Najam Chishti has been trying to stay in constant communication with her relatives in Pakistan, where flooding has killed more than 1,150 people and destroyed or damaged around a million homes since mid-June.
Chishti now lives in PEI, but her cousins live in Sindh, the country’s hardest-hit province, and she was told they have to deal with leaky roofs and broken windows as water continues to pour into their homes.
“They don’t have anywhere else to go because there aren’t many high-rise buildings they can get into,” said Chishti, president of the PEI Muslim Society.
“There are children sitting on top of the roofs of their houses waiting to be rescued. There is no food or water there,” he said.
“The need is now, not in a month.”
Chishti and other members of the society will hold a fundraiser in Charlottetown on Friday afternoon to raise relief funds to help Pakistani flood victims.
The society will give away home baked goods to those who donate at the mosque on McAleer Drive.
‘Really depressing to watch’
UPEI student Mohammad Qasim, who is also from Pakistan, is also participating in the fundraiser.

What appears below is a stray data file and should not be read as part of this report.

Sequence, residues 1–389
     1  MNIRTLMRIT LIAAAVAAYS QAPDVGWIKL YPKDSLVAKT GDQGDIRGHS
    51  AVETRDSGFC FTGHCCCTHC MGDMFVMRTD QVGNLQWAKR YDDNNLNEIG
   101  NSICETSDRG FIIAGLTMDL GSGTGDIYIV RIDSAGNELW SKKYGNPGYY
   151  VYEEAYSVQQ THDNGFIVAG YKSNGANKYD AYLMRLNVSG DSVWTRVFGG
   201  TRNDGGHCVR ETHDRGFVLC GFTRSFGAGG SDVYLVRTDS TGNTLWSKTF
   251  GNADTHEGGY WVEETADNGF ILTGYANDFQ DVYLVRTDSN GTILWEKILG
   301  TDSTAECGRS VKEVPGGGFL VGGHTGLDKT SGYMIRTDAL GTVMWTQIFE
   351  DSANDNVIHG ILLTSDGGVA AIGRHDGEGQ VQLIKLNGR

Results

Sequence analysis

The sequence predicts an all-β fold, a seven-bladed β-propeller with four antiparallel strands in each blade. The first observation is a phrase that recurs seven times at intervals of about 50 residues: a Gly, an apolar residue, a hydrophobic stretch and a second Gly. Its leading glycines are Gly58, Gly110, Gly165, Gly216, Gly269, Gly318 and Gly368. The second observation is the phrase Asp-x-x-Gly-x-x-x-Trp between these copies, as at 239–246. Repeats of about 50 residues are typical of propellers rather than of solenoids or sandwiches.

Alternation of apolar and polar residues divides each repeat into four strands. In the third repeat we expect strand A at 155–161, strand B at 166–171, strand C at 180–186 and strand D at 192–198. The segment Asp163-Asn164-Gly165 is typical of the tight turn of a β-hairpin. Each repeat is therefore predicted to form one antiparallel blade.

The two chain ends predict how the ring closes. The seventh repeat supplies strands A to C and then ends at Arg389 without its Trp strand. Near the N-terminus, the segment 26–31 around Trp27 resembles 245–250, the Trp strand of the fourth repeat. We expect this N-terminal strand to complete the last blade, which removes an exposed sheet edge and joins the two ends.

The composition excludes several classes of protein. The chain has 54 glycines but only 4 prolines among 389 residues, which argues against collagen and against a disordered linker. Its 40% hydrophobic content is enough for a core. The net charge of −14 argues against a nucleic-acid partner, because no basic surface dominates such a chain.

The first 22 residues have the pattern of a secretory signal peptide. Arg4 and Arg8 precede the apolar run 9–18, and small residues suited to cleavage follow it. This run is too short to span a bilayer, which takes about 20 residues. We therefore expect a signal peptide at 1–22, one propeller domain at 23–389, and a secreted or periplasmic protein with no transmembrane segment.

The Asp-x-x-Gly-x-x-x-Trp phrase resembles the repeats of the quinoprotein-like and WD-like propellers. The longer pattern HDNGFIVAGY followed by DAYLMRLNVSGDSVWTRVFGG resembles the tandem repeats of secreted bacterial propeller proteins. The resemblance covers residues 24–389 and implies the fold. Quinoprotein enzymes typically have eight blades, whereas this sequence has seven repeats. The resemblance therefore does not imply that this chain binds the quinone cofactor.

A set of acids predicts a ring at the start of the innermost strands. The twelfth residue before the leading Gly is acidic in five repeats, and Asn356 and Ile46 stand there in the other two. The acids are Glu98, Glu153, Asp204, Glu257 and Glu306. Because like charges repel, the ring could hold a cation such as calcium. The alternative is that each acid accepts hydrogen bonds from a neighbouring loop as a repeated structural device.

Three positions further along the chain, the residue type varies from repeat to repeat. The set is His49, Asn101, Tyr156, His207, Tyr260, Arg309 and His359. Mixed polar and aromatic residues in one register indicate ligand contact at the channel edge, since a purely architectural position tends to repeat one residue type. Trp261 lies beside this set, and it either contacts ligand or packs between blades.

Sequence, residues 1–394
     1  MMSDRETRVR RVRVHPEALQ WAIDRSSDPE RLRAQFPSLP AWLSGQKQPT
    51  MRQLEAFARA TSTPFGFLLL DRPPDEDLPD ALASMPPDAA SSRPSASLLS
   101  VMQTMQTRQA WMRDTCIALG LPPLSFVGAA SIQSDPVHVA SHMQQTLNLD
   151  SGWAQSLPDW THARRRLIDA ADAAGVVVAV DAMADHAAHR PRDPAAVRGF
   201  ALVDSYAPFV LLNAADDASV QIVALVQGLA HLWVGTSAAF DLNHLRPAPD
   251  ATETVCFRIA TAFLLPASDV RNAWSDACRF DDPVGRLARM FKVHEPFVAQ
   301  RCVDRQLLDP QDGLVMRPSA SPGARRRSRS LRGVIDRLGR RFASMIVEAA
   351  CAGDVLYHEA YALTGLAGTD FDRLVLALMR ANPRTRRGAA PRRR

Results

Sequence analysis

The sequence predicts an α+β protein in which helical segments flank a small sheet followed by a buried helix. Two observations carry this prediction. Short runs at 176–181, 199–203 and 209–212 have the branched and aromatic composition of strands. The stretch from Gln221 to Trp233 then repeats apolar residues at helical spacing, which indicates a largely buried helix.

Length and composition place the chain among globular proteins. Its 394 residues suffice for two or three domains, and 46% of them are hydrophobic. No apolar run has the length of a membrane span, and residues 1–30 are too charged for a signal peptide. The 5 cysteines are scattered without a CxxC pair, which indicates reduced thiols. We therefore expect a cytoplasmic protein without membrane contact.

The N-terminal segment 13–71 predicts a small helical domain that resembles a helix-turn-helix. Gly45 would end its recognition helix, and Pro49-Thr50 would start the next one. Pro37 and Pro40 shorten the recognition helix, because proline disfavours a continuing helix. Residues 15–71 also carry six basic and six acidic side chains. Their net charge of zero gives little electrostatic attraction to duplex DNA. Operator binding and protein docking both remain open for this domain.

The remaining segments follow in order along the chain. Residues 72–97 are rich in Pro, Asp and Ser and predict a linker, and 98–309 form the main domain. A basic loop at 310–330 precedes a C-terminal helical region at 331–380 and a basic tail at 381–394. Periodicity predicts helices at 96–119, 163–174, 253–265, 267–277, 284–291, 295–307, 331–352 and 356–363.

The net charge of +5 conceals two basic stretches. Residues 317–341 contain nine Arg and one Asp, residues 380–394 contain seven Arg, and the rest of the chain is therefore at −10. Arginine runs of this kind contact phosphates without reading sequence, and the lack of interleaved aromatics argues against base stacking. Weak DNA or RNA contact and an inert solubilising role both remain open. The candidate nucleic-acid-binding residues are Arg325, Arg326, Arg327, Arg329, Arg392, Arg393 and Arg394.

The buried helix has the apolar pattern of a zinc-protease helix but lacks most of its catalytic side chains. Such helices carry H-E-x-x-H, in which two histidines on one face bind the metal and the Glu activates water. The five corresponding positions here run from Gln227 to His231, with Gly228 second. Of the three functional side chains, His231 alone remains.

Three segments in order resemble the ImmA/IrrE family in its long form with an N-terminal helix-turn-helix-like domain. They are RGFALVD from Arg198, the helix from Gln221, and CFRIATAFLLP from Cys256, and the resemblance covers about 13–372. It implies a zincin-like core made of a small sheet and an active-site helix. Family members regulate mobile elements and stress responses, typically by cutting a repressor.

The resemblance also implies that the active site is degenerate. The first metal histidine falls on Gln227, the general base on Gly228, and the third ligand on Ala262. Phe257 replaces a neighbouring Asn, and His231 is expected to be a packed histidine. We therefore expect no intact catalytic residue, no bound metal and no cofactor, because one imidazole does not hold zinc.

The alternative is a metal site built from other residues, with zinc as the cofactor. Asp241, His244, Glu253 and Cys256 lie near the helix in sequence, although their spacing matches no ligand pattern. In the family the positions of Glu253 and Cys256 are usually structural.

He said his friends and family in his hometown of Lahore have not been seriously affected, but he has friends who live in flood-affected parts of Punjab province.
Qasim has received photos and videos from his friends showing how buildings have been leveled and many tourist attractions are now under water.
“It’s really depressing to see that,” he said.
“Living so far from home, I still feel emotionally affected seeing all my friends and family and those beautiful places affected.”
Qasim said he has been sending money to people he knows in Pakistan who need support, and that he will be at the fundraiser on Friday afternoon to see what else he can do to help.
And he is encouraging others to do the same.
“If someone were willing to donate, that would be great and it would be a great help to the victims of the floods,” he said.
Chishti said she hopes to raise about $5,000 from the fundraiser. She will then ask people in the Pakistani community in PEI if they know of specific people in their country who are in dire need of help and direct donations there.
Some of the funds raised will also go to Islamic Relief Canada, as well as the Canadian Red Cross.
Chishti said that the Muslim community in PEI is made up of people from 39 different countries, including Pakistan, and he is confident that the society can meet its fundraising goal.
“I’m sure everyone will contribute to it.”